The Perks of Being a Wallflower (Reissue Edition)
since its publication, Stephen Chbosky’s haunting debut novel has received critical acclaim, provoked discussion and debate, grown into a cult phenomenon with over a million copies in print, and inspired a major motion picture.
the perks of being a wallflower is a story about what it’s like to travel that strange course through the uncharted territory of high school. the world of first dates, family dramas, and new friends. of sex, drugs, and the rocky horror picture show. of those wild and poignant roller-coaster days known as growing up.
This particular issue includes a reading and discussion guide which is useful for book clubs or any small group setting.
The characters of the book are people you love and would be friends with if they were real. This is because, they could help many other teens with the same problems as our main character Charlie and they would be the nicest people.
However, the one complaint i would have, is the plot twist where Charlie is molested. This doesn't need to be in the book and be the reason why Charlie is very quiet and social inactive. That ruined the book and Aunt Helen's image which was very good according to Charlie.
The Plot otherwise is very good and it could even be some form of help to those teens who may be shy and don't "participate".
Overall, this is a very good book and i'm sure i will read it again in the future. I am also using this book for my english coursework because of the deep meaning behind this book.
I was definitely surprised by how naïve Charlie was. He didn't know things that other kids his age were aware of until his friends told him about them. Another thing was how Charlie seemed to cry about everything. Charlie was a sensitive kid, I get that but it seemed a little extreme that no matter if someone was nasty with him or did something really sweet, his first reaction was to cry.
Even with all of his faults I really liked Charlie. He was a smart kid and only wanted some friends. He was a sweet kid who was always there to listen but like Sam had an issue with him not taking action so did I. I was just hoping that for once he would do something that made him happy instead of trying to make everyone else happy before him. I loved Sam. She was one of my favorite characters. She was fun and knew how to have a good time. The same went for Patrick. If I had known kids like them in high school they would have definitely been the one's I hung out with.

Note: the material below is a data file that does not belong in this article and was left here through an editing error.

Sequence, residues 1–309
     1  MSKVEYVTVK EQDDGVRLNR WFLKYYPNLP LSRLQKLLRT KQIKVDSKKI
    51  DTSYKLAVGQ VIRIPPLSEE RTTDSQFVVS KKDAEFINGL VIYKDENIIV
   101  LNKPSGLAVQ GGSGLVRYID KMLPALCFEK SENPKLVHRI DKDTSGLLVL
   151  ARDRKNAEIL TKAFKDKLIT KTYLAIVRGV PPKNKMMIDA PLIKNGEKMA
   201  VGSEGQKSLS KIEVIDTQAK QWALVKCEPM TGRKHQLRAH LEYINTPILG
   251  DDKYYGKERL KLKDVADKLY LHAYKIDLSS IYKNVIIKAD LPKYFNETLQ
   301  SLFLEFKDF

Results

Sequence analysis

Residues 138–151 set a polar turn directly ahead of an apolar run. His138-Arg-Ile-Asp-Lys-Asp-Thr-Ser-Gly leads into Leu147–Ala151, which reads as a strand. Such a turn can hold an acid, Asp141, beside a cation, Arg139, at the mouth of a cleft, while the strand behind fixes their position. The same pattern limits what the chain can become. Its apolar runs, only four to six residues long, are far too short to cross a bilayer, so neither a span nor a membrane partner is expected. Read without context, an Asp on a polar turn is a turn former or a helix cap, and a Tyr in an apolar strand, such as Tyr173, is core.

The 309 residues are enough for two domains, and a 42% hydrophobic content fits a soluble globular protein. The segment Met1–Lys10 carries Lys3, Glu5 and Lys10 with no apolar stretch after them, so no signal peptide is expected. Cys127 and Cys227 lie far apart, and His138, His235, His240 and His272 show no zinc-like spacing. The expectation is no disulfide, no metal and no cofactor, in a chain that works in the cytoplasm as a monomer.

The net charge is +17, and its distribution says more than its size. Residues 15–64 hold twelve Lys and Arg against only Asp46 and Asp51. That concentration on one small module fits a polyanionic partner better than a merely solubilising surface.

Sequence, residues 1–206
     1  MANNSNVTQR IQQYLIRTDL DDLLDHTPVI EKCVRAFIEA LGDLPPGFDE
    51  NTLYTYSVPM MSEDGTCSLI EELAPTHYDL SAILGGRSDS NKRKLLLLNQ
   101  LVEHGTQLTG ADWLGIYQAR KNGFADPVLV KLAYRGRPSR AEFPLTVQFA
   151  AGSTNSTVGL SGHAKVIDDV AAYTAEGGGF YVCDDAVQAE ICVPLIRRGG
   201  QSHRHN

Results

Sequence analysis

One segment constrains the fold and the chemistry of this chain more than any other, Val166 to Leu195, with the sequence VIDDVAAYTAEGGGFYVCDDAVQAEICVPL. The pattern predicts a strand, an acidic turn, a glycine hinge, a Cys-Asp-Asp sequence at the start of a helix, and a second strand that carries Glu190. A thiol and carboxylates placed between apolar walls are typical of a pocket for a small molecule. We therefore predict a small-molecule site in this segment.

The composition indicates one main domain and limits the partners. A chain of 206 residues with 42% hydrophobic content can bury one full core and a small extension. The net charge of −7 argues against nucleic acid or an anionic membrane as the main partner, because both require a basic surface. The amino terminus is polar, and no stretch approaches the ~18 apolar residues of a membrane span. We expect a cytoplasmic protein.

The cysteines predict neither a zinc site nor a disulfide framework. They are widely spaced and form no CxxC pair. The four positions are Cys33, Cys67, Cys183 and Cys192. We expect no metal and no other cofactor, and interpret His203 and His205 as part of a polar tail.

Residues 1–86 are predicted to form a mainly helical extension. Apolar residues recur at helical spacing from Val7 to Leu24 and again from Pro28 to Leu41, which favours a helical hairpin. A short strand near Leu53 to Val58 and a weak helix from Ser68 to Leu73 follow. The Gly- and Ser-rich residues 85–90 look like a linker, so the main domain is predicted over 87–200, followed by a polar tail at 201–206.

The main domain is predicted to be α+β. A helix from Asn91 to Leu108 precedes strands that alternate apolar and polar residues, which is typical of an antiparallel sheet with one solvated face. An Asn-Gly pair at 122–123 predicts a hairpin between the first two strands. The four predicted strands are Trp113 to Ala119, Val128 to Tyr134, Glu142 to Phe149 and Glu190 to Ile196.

The whole revelation towards the end of the story about his aunt was surprising. I honestly didn't see it coming and it really explained a lot about Charlie and why he acted and did things the way he did.
I would definitely recommend this to anyone to at least read once in their life. It's a great story about finding friends while finding yourself along the way. In the end, I just wish that I had loved this as much as I thought I was going to.
I think that all the mature themes in this book is an eye opener, even if some readers don't realise it. It made me see the hardships some people go through. The mistakes Charlie has is mended, even if it is not in play view. This book has a lesson inside it (that sounds cheesy!), and it is a good one.
The Perks of Being a Wallflower is such an amazing book, and I cannot wait to see the movie. I hope it is, it has Emma Watson in it, who is amazing. I just cannot wait to see it!!! Oh, and this a really brilliant book to read.
So when does mature breach into the territory of too mature for YA? I would say it’s when an author delves into gratuitous moments of sex, drugs and drinking. Moments that serve no real purpose to the greater meaning of the story, and are written only to shock or turn on. There are enough Maxim magazines and Calvin Klein ads to do that without the aid of YA authors.
In "Perks," Chbosky avoids gratuitousness and uses all moments of mature material to teach young readers life lessons. He by no means encourages kids to go out and get krunk while having unprotected sex with the first hot chick/guy they see. Instead he helps teens grow by the mistakes and experiences Charlie has throughout the book. If anything, Charlie’s forays into a not so innocent world help young readers learn what to be wary of as they grow older and discover firsthand that the world is not as picture perfect as parents would like them to believe.
Rather than try to forbid this book, parents and teachers should encourage its consumption as it can help adult mentors ease into these uneasy topics that need to be discussed with teens. Without open dialogue on this mature subject matter, society risks seeing way more teens turn into uneducated, dangerously freewheeling Jersey Shore types in the future. Furthermore, these topics are all things any reader, regardless of age, can relate to. Read this book and don't miss out on the perks of "Perks."
New cover, same great story.